We did it by focusing on one goal.
Useful work is the work that’s turning inputs into outputs. Wasteful work is everything else.
Gym Memberships Phenomena
To find the goal of the system, we need to look outside of it. Ironic, isn’t it? The goal is defined by what the system interacts with. The purpose of a passenger airplane is not to fly, but to move people from point A to point B. Engineering department is there to make business successful, writing code is a mean, not an end in itself.
Goal has nothing to do with System’s internals. Look for it outside of the System.
A good example of a company with a goal that is well-aligned is LambdaSchool. They train people to become devs. Their goal is not “to teach”, it is to help their customers become professional developers. They only get paid if their client gets a job.
My favorite bad example is any gym here in Berlin. Their target is to sell you a membership. Basically trap you in a contract for a year or more. That’s far from what customers sign up for.
Every Agile Training shop operates in the same way. They sell trainings, workshops, time of their consultants. They sell “gym memberships”. They focus on what’s inside of their system, on things they can control. What they should be focusing on is on results for their customers.
Once we know the goal, measurements become easy. These are the metrics we can use for the system as a whole:
- How much useful work does the system perform over a fixed period of time is called throughput of that system;
- How much work is stuck in the system but will be released at some point is inventory or work in progress;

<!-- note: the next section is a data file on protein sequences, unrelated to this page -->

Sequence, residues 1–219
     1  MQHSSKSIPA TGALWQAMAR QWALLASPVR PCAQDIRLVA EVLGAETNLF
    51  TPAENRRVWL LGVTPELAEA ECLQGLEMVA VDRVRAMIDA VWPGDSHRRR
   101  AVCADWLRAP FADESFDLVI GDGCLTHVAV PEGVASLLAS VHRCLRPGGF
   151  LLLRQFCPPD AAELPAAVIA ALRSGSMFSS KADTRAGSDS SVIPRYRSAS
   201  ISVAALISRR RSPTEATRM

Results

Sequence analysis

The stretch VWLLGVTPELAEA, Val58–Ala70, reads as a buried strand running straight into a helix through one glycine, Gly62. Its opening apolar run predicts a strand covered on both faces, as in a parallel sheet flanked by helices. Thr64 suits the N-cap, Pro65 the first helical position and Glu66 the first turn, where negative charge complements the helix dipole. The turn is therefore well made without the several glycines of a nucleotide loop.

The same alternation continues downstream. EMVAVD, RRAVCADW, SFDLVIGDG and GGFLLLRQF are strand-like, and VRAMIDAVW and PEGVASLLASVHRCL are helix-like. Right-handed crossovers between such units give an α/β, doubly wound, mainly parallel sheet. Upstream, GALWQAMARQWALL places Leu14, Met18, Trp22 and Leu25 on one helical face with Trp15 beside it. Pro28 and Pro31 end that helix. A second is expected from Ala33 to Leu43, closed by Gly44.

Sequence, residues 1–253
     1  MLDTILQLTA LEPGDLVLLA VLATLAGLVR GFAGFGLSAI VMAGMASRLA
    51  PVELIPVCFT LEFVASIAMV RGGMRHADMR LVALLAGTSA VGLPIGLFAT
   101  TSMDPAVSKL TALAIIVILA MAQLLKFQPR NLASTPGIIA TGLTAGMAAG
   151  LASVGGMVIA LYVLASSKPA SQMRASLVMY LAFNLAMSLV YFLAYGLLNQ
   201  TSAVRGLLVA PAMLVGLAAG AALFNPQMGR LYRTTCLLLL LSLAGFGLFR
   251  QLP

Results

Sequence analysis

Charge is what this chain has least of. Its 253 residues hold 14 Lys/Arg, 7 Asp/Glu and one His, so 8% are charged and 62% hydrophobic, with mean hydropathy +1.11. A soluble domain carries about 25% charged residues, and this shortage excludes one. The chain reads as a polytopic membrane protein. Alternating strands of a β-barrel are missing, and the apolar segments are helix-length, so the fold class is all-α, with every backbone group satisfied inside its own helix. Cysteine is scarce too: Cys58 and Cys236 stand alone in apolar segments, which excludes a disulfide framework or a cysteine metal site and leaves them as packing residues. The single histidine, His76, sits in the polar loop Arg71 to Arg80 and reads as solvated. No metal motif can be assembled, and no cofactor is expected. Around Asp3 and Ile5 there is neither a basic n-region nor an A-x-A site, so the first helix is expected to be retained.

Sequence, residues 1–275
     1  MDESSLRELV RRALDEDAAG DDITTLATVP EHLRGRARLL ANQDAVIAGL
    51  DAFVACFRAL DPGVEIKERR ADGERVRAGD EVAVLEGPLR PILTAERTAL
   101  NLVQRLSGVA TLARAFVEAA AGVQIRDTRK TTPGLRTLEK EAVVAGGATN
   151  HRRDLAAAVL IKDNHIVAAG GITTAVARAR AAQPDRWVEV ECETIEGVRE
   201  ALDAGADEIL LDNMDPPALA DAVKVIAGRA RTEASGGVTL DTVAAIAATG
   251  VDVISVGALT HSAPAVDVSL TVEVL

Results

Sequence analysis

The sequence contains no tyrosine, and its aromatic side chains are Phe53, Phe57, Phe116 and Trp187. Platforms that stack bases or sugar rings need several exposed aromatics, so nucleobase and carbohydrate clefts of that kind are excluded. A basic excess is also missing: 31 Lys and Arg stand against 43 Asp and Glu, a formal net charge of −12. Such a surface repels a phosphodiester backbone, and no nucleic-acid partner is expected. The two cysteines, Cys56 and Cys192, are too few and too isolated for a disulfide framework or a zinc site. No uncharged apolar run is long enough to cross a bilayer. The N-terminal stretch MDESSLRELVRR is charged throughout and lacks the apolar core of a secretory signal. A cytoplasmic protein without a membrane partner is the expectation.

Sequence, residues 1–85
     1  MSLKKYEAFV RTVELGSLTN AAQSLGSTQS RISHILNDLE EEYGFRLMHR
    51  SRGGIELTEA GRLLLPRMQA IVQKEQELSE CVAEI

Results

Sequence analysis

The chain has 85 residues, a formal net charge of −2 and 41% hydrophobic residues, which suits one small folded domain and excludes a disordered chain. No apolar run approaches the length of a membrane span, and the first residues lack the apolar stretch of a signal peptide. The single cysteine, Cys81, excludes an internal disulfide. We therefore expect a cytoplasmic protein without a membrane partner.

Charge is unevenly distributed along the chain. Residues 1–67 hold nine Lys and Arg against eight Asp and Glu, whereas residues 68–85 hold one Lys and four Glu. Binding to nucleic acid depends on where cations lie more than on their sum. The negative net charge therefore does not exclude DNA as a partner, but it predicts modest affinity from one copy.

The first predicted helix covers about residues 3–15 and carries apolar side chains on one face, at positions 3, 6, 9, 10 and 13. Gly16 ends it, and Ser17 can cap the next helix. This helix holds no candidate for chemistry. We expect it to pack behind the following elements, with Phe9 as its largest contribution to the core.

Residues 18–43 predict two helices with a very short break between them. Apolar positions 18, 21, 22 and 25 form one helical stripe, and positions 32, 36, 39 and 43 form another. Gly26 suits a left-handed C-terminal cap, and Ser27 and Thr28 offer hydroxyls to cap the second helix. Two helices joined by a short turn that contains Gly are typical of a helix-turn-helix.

- What are the resources spent to turn inputs into outputs is operating expenses.
Each work center (department, project stage) should only be measured against its contribution to the system’s metrics. If the work it does helps turn system’s inputs into outputs — great! If not — it’s a waste.
How good a system is performing is determined by how quickly and at what cost it can turn input into output. Actors within a system should never be measured in isolation. What matters is their contribution to system’s performance as a whole.
Here’s a good example of system measurements. I’ve asked Ed Hill, the founder of a consulting firm Synchronous Solutions, how they track success of a project. While reading his reply, think of what could be the goal of a consulting agency, what are they hired for?
Here is Ed’s answer:
“As a first step on every project, I ask the company owner (or the senior person on site) to set measurable targets. Net profits, customer service metrics, lead times, quality performance are typical examples. We also ask them to articulate metrics in areas that are not measurable like chaos levels, employee morale and leadership characteristics of key staff. We work to set a baseline on these metrics as possible. Then we track and document actual performance against those baselines. Success is measured by performance toward all the established targets, not just profits.”